I was going to switch from Truecrypt to Veracrypt but now I'm not so sure.

Topics: Feature Requests, Technical Issues, Users Discussion
Sep 29, 2015 at 7:16 PM
Edited Sep 29, 2015 at 7:30 PM
For one, if I'm only upgrading for the local security vulnerabilities. Aren't there likely at least a few dozen other Windows or driver vulnerabilities that would allow an attacker to get administrator from an unprivileged account? Isn't trying to fix local security in Windows like trying to plug swiss cheese?

When I see stuff like this in the changelog I start to get worried, REAL worried:

1.13 (August 9th, 2015):
    Solve TOR crashing when run from a VeraCrypt volume. 

How does this even happen? What about all the other applications and games that I play? What if Veracrypt breaks them? Also reading about people having crashes when dismounting volumes and etc.

Someone try to convince me otherwise, but I think I'm just going to keep truecrypt and hope maybe someone releases a truecrypt with only those vulnerabilities patched as the encryption seems "good enough".

Plus I'm running an encrypted system drive which I assume I'll have to decrypt and re-encrypt with veracrypt. The fact they had to add truecrypt container support later also makes me wonder how much this is really based off of truecrypt and what all they changed.

Seems strange that something based on truecrypt can't even mount truecrypt volumes until later releases, and also I'm assuming still no support for truecrypt system volumes.
Sep 29, 2015 at 8:38 PM
Concerning your first statement, no encryption program can protect you from a compromised system or any flaws in the OS that creates a security hole.

As with any software that is undergoing many changes, there are going to be unexpected bugs that are not discovered in the beta testing released to the users for testing. As noted, the BSOD issues were due to outdated software drivers. Examples:


The TOR issue was due to TOR not properly checking for error codes. Skip to the bottom of the link below to read the developer's comments.


Currently, there are only two code forks from TrueCrypt. CipherShed is performing a total rewrite of the code and there is no ETA of when they will release version 1.0. VeraCrypt is the other code fork.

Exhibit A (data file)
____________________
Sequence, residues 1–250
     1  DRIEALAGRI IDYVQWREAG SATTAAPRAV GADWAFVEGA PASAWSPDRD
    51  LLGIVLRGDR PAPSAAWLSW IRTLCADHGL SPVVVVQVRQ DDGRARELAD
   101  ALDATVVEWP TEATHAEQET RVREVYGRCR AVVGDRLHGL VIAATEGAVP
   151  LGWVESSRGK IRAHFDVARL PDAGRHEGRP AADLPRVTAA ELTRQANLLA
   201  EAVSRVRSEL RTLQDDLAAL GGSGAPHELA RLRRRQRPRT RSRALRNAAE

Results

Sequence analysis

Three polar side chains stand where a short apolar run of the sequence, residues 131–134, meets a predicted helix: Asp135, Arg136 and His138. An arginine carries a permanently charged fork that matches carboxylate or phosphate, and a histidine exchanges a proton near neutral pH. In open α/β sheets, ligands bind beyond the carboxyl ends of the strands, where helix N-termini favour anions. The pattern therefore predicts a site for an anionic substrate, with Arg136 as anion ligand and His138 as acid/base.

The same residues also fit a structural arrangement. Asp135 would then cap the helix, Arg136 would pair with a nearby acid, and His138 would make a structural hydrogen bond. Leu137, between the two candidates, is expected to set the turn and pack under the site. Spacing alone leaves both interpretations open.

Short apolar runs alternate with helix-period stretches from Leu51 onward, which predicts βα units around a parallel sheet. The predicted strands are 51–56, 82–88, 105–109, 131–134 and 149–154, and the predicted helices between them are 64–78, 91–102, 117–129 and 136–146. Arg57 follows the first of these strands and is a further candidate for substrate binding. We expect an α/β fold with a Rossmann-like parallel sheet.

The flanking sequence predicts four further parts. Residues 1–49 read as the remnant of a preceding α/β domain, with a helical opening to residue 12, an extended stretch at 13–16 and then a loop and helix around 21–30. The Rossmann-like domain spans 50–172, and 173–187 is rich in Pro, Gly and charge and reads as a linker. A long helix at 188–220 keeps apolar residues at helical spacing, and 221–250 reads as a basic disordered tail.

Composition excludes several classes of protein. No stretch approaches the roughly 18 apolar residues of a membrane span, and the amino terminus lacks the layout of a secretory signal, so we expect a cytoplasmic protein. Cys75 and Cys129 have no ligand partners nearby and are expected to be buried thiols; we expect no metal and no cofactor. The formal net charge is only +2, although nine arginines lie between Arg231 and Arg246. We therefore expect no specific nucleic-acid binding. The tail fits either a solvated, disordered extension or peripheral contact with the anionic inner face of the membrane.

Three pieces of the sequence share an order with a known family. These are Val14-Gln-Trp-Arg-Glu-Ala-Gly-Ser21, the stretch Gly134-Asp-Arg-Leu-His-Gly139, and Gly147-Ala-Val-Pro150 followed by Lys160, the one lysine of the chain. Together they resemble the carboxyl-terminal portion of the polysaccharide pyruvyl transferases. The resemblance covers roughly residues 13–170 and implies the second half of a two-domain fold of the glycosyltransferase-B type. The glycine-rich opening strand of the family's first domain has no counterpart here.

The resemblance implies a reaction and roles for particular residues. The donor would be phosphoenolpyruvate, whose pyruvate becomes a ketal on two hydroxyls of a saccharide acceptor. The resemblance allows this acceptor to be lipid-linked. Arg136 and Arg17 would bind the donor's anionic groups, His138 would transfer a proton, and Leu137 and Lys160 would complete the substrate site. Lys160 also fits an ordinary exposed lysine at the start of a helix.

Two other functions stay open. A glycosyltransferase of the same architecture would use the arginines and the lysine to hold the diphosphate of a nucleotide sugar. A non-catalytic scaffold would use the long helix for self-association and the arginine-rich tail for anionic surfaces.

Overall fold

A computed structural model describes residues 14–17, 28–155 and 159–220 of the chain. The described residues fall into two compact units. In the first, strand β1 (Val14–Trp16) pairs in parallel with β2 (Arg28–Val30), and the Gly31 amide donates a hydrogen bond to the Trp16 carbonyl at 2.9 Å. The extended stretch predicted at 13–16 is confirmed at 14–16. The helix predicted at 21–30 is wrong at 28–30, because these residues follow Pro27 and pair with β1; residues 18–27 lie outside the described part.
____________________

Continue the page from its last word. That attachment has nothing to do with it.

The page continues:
To switch from TrueCrypt system encryption to VeraCrypt system encryption, you will need to decrypt using TrueCrypt and encrypt the system drive/partition with VeraCrypt.

The mounting and conversion of TrueCrypt 6.0 or higher versions for the non-system TrueCrypt volumes to VeraCrypt is limited by the format change made within TrueCrypt 6.0 version.

Sep 29, 2015 at 8:55 PM
In VeraCrypt I only use encrypted volumes. I use Windows during work and I use Linux at home and at times a MacBook. I have had no problems with encrypted volumes. I can open them in OSx, Windows, and Linux. I do have some truecrypt volumes on a couple of external drives and I am able to open, read, and write to them using the (Veracrypt)truecrypt mode.
Sep 29, 2015 at 9:57 PM
Well I'll test it out on my laptop first. :-)

Also, I wish this would just work with an existing TC system encrypted disk, oh well. Decrypting and re-encrypting pretty much ties up the PC for hours and hours.

Thanks for the responses. Feel more secure using VeraCrypt now.
Sep 29, 2015 at 10:15 PM
Be aware that VeraCrypt uses a much higher iteration count for the hash algorithms versus TrueCrypt. This affects the wait time for mounting a volume.

If the wait time is too long for you and your threat model, you can adjust the PIM by using a password of 20 or more characters to adjust the PIM to a lower value to reduce the wait time for mounting.

Oct 1, 2015 at 6:03 PM
From the documentation the advantages of switching from truecrypt file format to veracrypt file format are not clear to me.
I think it would help to have a brief part describing the migration and reasons why one should do so.

Thanks! And great work - many others will just be so grateful!
Oct 1, 2015 at 6:17 PM

Also you can review the release notes to review the features and security enhancements made by Mounir.

Oct 2, 2015 at 12:02 PM
Truecrypt is like Windows XP - flawless, but old and unsupported, outdated....
Veracrypt is like Windows 7 - almost flawless and updated/supported :)

Bitlocker is like Windows 10 - updated and supported with free backups to gov servers LOL

guess who is Windows 8?